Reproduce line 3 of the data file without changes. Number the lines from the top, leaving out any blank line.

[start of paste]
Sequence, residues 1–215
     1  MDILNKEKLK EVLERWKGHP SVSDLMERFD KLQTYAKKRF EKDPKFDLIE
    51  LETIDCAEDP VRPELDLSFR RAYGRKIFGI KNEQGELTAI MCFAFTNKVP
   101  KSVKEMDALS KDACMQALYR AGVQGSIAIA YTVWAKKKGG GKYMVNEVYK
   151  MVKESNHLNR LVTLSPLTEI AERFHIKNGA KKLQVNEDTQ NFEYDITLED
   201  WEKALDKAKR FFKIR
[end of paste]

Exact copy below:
    51  LETIDCAEDP VRPELDLSFR RAYGRKIFGI KNEQGELTAI MCFAFTNKVP